Covid-19 and the “Uninvestable” Banks

Written by Francesco Lo Faso

The EU “Dividend Culture” 

As a general rule of thumb, companies reward their shareholders in two main ways: by paying dividends or by buying back shares. 

In the last decades, dividend pay-outs have represented the primary vehicle by which European equity investors have been rewarded. It has been proven to be a more successful approach to equity investing than share buyback strategies, much more popular in the United States. 

The main difference between the two strategies is that from the investor’s standpoint, a dividend payment is a definite return in the current timeframe that will be taxed, while a share buyback is an uncertain future return, on which tax is deferred until the shares are sold.

With regards to the company’s perspective, unlike dividend payouts, a share-buy back decreases the number of the firm’s outstanding shares, and this usually increases the company’s profitability and performance measures like earnings-per-share (EPS) or return on equity (ROI), while driving the share price higher over time.

If looking at the performance of the pan-European Stoxx Europe 600[1] index over the last 20 years, it is worth noting that without dividends, the European stocks’ return for shareholders should have been negative. On a total return basis – with dividends included – the Stoxx 600 Europe Index has almost doubled since 2000 (see Exhibit 1). Hence, there is a tendency of European equity investors to add dividend stocks to their portfolios in order to obtain higher and more consistent returns on their investments.


[1] With a fixed number of 600 components, the STOXX Europe 600 Index represents large, mid and small capitalization companies across 17 countries of the European region: Austria, Belgium, Denmark, Finland, France, Germany, Ireland, Italy, Luxembourg, the Netherlands, Norway, Poland, Portugal, Spain, Sweden, Switzerland and the United Kingdom.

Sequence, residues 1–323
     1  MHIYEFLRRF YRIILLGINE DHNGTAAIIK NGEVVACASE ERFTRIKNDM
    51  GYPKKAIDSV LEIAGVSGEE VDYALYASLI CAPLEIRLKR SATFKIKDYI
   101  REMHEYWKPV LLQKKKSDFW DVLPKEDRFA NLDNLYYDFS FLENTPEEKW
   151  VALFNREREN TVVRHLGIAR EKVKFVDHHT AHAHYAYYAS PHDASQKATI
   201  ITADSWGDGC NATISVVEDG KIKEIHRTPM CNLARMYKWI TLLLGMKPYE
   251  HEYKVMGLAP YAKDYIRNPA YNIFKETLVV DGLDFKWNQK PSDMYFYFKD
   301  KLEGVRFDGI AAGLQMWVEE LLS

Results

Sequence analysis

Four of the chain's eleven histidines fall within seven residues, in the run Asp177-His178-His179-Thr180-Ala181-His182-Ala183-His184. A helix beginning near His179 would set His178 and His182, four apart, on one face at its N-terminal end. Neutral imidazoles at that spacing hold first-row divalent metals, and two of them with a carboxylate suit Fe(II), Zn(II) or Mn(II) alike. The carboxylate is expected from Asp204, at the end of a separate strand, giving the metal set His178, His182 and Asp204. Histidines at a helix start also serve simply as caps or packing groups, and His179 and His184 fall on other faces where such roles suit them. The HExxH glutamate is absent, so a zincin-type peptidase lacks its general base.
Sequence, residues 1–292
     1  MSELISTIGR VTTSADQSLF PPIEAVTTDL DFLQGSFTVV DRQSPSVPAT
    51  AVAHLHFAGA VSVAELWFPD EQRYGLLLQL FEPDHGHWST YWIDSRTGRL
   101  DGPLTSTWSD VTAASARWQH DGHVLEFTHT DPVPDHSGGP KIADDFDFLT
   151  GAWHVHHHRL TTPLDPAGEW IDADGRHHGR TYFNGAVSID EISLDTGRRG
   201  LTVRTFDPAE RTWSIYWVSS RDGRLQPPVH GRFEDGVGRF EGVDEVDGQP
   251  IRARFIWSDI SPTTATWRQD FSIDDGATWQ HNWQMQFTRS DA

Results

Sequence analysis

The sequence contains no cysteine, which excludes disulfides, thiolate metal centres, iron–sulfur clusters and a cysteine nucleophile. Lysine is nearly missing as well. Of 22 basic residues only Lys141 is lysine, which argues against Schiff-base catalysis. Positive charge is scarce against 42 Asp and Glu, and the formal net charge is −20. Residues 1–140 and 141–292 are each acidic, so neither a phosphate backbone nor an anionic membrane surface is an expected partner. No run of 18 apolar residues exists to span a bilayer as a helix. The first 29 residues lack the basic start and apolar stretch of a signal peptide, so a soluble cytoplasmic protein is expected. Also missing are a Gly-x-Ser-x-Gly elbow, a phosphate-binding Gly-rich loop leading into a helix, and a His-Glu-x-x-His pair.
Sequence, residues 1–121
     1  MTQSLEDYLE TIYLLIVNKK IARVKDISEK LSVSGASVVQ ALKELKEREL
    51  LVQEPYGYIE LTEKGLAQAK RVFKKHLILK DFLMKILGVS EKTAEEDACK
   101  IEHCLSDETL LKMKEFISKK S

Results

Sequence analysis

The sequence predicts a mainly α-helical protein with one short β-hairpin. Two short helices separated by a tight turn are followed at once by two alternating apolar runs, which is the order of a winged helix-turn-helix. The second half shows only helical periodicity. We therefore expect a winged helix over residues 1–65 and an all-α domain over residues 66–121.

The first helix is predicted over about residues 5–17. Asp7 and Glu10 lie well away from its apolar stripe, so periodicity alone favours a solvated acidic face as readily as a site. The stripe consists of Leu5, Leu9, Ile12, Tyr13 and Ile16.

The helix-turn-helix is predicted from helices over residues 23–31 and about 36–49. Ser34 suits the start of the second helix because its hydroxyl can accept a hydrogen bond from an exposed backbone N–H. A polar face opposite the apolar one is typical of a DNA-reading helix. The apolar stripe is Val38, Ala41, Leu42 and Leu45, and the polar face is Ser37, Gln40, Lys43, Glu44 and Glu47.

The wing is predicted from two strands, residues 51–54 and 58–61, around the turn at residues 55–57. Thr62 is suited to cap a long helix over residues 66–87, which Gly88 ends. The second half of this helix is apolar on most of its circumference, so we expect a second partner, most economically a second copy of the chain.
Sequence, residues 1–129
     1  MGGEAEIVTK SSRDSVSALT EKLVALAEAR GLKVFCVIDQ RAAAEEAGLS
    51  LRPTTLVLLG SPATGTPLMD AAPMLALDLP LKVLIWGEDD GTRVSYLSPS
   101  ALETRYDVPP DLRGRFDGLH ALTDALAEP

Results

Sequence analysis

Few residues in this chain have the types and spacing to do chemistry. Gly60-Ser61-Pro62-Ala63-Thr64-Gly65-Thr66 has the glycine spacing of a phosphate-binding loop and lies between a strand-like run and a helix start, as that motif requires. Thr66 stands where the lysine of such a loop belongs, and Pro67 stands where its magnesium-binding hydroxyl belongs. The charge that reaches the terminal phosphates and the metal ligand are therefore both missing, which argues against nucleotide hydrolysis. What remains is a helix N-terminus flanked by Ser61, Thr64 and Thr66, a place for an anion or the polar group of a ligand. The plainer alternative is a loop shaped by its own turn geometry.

However, the Covid-19 pandemic has severely affected the strong “dividend culture” of many European firms, which were forced to postpone, limit or even cancel the amount of dividends destined to shareholders. Across industries, the hardest-hit industries were dividends-rich sectors such as energy firms or banks.

European and UK Banks under pressure

Shortly after the virus’ outbreak in Europe in March 2020, the European Central Bank ordered its 113 banks under supervision to cancel dividends, worth €30 bn. Similar pressures on lenders’ pay-outs came some weeks later from the Bank of England, which suspended £7.5 bn of dividend payments to shareholders. The debate regarding banks’ dividend ban has divided financial regulators and lenders, and there is still widespread uncertainty surrounding the issue.

On the one hand, banking supervisors strongly believe that banks should continue to conserve capital ahead of a potential surge in defaults which is likely to occur as soon as the governments’ stimulus packages will halt. 

On the other hand, bankers argue that a prolonged ban on dividends will drive investors away from the banking industry, which could result in a limited ability for banks to raise capital in the future. For this reason, senior banking executives have been lobbying hard for stronger banks to resume dividend pay-outs to shareholders. 

The president of Société Générale Lorenzo Bini Smaghi, for example, said that the dividend ban policy was making the banks “uninvestable”, while Santander Bank’s executive chair Ana Botín criticized the ECB guidelines by claiming that all this pressure from European regulators would give a substantial advantage to U.S. competitors.

Moreover, according to Bloomberg’s estimates, the total amount of dividends for the banking industry is likely to take more than 4 years to recover and finally exceed the amount paid in the financial year of 2019, in which the overall dividends paid accounted for € 51.4 bn (see Exhibit 2).